Any claims against the title can make a purchase risky for buyers. The good news is that title searches should reveal those problems before closing. And even if there is an issue that you are able to clean up, it is wise to get title insurance, which protects against future claims.


Can Real Estate Contingencies Be Avoided?

Buying a home is typically the biggest purchase someone will ever make, and contingencies help buyers ensure that their investment is secure. However, if you are a buyer looking to make a competitive offer, contingencies could hold you back. That is because sellers usually prefer contingent-free bids that give them more certainty. Some buyers in hot markets choose to waive contingencies in their bid, but most people cannot afford to take this risk.

For sellers, a contingent contract means that there is always a chance that the sale could fall through, in which case the seller would have to go through the whole selling process again. Contingencies can also mean time-consuming appraisals, inspections and other demands which could cause delays in the closing process.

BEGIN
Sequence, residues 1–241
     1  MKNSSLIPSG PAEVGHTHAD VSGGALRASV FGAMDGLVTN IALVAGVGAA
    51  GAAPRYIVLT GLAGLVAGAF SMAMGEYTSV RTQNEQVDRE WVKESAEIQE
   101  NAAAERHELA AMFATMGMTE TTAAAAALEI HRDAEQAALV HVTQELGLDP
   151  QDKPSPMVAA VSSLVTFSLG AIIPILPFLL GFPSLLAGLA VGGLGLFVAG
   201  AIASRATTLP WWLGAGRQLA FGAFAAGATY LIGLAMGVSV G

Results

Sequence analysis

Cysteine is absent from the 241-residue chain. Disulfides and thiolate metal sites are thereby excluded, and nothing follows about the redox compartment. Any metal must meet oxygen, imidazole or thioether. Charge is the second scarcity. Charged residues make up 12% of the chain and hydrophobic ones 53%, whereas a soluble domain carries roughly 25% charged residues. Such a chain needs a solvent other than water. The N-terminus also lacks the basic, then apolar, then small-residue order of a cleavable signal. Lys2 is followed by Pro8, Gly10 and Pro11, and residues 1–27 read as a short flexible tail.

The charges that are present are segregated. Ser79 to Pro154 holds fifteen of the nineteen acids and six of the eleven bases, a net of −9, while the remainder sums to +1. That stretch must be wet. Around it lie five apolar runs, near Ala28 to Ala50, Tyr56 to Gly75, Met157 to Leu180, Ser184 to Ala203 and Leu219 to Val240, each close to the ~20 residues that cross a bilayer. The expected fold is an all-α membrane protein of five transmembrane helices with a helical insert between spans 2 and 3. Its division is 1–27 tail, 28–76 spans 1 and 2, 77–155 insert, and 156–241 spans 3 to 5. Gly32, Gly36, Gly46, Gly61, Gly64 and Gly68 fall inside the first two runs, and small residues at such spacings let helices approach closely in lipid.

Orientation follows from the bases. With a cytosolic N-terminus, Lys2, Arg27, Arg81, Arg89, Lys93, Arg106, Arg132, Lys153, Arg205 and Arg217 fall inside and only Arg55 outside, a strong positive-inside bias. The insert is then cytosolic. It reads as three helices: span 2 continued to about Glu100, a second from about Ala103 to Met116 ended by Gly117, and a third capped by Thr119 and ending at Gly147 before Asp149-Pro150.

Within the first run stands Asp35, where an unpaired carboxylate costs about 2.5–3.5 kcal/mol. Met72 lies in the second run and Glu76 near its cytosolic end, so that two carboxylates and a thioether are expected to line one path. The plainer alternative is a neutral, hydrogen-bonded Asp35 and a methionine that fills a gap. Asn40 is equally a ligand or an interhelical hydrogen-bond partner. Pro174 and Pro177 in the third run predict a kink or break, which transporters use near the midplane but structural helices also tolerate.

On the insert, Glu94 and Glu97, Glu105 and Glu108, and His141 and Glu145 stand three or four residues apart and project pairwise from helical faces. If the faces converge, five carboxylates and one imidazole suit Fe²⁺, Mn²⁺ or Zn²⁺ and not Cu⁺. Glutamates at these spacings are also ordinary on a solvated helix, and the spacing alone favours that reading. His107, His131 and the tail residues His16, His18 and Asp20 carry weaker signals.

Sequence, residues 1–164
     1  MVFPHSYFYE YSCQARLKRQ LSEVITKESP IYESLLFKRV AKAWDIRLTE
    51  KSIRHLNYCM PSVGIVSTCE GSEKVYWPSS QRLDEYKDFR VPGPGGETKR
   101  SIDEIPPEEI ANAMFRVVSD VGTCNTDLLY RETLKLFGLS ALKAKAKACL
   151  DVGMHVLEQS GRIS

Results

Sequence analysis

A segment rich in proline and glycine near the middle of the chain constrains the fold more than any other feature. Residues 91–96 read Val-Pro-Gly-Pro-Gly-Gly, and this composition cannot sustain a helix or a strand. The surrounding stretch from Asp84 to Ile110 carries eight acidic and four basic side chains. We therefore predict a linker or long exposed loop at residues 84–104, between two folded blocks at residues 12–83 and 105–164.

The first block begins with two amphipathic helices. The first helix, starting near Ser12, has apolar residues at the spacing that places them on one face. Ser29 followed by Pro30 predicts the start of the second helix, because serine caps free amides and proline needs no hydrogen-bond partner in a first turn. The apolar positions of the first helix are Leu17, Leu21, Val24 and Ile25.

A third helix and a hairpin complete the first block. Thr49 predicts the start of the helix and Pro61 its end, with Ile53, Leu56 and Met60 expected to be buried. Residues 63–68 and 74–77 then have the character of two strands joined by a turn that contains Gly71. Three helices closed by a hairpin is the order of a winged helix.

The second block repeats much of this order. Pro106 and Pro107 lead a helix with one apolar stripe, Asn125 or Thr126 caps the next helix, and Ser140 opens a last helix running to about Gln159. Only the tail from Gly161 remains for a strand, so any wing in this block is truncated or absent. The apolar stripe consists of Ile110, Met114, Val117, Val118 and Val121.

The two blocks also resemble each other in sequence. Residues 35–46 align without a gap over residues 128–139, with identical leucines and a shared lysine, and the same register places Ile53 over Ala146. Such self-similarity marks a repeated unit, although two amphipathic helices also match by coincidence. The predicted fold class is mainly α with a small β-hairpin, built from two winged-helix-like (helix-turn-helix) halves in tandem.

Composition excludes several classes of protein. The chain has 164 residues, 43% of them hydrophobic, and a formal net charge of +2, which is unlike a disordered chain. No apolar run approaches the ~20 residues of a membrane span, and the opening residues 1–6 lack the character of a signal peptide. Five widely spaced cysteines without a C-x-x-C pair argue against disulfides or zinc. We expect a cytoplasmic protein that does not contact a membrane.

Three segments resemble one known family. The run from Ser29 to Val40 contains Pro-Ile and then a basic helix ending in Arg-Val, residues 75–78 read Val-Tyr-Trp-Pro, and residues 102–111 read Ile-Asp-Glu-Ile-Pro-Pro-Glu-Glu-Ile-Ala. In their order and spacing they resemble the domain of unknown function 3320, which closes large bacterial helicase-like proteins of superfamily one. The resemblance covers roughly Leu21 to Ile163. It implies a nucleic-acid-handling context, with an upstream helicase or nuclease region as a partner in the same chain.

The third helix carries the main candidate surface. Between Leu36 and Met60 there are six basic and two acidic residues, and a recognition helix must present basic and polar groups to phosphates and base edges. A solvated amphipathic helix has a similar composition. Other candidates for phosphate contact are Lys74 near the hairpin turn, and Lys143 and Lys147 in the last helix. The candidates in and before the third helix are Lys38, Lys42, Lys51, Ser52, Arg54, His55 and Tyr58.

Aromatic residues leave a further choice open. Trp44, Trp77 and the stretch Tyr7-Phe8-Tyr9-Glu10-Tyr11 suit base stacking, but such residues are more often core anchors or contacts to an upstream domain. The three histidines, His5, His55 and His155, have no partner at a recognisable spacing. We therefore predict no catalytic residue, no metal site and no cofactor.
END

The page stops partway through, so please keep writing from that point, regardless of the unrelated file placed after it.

What’s The Difference Between Contingent and Pending?

Contingent and pending are two terms that are often confused, but that indicate different parts of the sales cycle.

In the contingent sale, the seller has accepted an offer, but everyone is still working through the issues. The real estate contact might have a financing contingency for the buyer to procure financing from a mortgage lender. A listing agent may feel confident enough that the prospective buyers will have no problem satisfying the mortgage contingency.

Once you are in the pending stage, you are almost there. Most sellers will not continue to show the home while the sale is pending, as they are contractually precluded from accepting offers.


Final Thoughts

Understanding contingencies is a key component of buying a house. Make sure you understand contract timelines, financing, and everything else it takes to have a successful home purchase.

When choosing an escrow company there can be many important factors to evaluate. Fees, location, staff and even recommendations from friends and colleagues are all things to consider. With Citrus Heritage Escrow by your side, you can rest assured that when you receive your settlement check, you’ve gained the maximum benefit from your home sale or purchase.

Call us today with any questions or concerns. Our professional Escrow Agents will help you through this exciting yet confusing process. (951) 335-7200